By Mark Heywood, Maverick Citizen
Two remote villages in the OR Tambo District of the Eastern Cape, Luphoko and Lujazu, and two primary schools, Maqulu and Mtambalala in nearby Cutwini, have become the beneficiaries of a revolutionary new technology that literally turns air into water.
Between August and November 2022, each household in the two villages received two hydro panels, capable of creating six to eight litres of potable water a day. Then early this year Maqulu Junior Secondary School received 150 panels, and Mtambalala 50.
Today an estimated 2,500 people are benefiting from access to a reliable stream of clean, safe drinking water.
When the panels began to be installed in 2022 they had to be flown in by helicopter, such is the remoteness of the villages and homesteads and the lack of roads to them. Since then, villagers and children have been relieved of the daily burden of collecting water from rivers. In an area of immense poverty, access to clean water has led to an improvement in the quality of life for residents.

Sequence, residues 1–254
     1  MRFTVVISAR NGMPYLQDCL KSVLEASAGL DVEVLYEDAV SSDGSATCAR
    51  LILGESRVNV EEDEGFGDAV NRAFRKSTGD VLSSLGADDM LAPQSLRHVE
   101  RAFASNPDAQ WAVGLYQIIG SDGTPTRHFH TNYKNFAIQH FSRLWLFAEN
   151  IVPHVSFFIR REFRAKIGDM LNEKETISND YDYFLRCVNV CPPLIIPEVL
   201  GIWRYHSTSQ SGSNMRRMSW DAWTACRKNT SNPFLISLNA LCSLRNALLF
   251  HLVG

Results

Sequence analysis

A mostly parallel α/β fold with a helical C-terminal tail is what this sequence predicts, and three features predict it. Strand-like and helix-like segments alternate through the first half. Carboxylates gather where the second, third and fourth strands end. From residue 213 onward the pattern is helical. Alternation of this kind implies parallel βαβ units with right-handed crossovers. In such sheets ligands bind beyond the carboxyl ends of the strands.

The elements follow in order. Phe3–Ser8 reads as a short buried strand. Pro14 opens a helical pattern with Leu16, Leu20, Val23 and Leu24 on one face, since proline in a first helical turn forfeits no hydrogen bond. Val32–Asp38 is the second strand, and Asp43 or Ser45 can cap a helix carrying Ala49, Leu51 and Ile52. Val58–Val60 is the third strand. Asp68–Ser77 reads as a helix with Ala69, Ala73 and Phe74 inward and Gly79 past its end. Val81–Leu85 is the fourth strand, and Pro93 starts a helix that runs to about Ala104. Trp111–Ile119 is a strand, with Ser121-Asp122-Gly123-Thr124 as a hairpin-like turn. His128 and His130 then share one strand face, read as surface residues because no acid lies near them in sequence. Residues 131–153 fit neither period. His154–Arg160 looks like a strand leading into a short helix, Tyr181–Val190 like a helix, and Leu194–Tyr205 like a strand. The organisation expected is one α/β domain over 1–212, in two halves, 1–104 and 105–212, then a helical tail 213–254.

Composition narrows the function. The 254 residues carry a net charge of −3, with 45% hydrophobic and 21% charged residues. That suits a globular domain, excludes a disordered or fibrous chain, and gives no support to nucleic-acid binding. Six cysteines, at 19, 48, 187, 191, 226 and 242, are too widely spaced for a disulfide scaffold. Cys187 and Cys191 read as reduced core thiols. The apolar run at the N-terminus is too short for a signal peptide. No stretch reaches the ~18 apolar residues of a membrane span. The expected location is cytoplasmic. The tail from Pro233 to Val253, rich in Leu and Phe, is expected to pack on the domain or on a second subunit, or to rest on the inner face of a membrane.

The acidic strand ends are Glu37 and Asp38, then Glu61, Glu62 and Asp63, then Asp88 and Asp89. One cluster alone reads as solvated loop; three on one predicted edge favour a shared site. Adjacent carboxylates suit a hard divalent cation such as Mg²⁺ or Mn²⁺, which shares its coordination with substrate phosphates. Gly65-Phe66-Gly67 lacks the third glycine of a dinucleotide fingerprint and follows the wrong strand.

According to Rob Bartrop from Source Water, the US company that makes the panels, the technology has unique applicability to villages such as these. Because many homes have thatched roofs, JoJo tanks are not suitable to collect water; and the use of pit toilets means the water tables are polluted.
When it comes to schools that need water for cooking as well as drinking, the hydro panels save money that had to previously be used from National School Nutrition Programme grants to buy water – meaning more money can now be spent on food.
The novelty of the technology means the University of Johannesburg’s Department of Process, Energy, and Environmental Technology Station (PEETS) has also been drawn in as a partner and is studying the impact of the project on school attendance, gender-based violence (women and girls are vulnerable when walking for water), unplanned pregnancies and economic gains. PEETS’s goals are to “demonstrate the technology, engage with local governments, publish research findings, and develop policy briefs”.